But on Saturday, Charlottesville appeared more contemplative than chaotic.
A group of more than 200 protesters - students, residents and others - then marched to another part of the University of Virginia's campus, where many in the crowd shouted at officers in riot gear forming a line.
On Aug. 12, hundreds of white nationalists - including neo-Nazis, skinheads and Ku Klux Klan members - descended on Charlottesville in part to protest the city's decision chose to remove a monument to Confederate Gen. Robert E. Lee from a park.
Both groups have been given permission to demonstrate in separate sections of Lafayette Square, a shady park that looks onto the back of the U.S. president's residence. The far-right protest is being organised by Jason Kessler, who put together the last year's protest in Charlottesville.
Organizers of #OccupyLafayettePark, a civil rights group that holds nightly protests in the square, held up posters reading "Love America, Hate Trump" and "Defend The District From White Supremacy" just steps away from the White House.
The chance of that kind of spontaneous mayhem has led to weeks of planning between Washington's law enforcement agencies, which have developed proposals to guard marches leading to the rally and the rally itself, as well as deal with any confrontations that precede or follow it in the streets of Washington.
"Our goal is to prevent that from occurring". But that plan was abandoned when the union representing Metro's workers, predominantly people of color, made clear that they did not want to provide special arrangements for racists.
Numerous most prominent white supremacist leaders from last year's rally have suffered setbacks in the past year, a result of forceful counter-protests, a series of lawsuits filed against different white supremacist leaders, movement feuds and infighting, and, in one case, prosecution for domestic violence. Numerous planned community events will promote peaceful messages, including a gathering in honor of Heyer.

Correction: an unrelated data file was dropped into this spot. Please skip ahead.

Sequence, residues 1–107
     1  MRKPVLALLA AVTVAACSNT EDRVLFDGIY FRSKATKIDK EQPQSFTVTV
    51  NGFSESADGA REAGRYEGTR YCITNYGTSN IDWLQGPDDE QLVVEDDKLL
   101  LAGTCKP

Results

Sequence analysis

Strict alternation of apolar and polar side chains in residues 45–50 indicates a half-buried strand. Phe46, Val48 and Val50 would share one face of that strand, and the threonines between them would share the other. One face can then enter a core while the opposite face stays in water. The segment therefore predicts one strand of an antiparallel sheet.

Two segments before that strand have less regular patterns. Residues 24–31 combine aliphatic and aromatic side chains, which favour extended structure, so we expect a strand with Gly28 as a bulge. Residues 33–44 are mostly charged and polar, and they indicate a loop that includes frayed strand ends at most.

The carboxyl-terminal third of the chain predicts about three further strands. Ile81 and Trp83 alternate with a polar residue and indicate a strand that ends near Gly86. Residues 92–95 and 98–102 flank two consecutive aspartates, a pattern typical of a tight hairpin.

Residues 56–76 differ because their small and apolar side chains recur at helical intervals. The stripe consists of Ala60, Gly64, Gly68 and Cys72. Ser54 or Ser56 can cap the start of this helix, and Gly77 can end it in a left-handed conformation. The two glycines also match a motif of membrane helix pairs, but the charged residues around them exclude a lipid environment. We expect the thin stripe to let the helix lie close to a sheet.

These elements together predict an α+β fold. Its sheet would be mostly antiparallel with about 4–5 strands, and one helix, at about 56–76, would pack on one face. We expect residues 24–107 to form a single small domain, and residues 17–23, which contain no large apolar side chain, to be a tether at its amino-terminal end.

"This anniversary is also a time to look forward. You know, I'm happy that things didn't get out of hand", said John Mason, an associate professor of history at UVA.
NPR's Debbie Elliott reports that memorials have been planned throughout the week.
One year after the deadly white supremacist demonstrations in Charlottesville, Virginia, the state's former Democratic governor said President Donald Trump failed to live up to the moment.
In a tweet over the weekend, Trump said he condemned "all types of racism and acts of violence". Peace to ALL Americans!' More than 1,500 counter-protesters plan to gather at various downtown locations, including in the same park.
Others said his tweet ahead of Sunday's rallies show that he again is playing "both sides". She later said the comments "had nothing to do with race or ethnicity".
"We've always acted as if black lives never mattered, as if people of color never mattered", Bro told Cooper on Full Circle.
Michael Shallal, a member of the D.C. chapter of the International Socialists Organization, one of the groups organizing the Freedom Plaza rally, said it was crucial for protesters to outnumber Kessler and his supporters.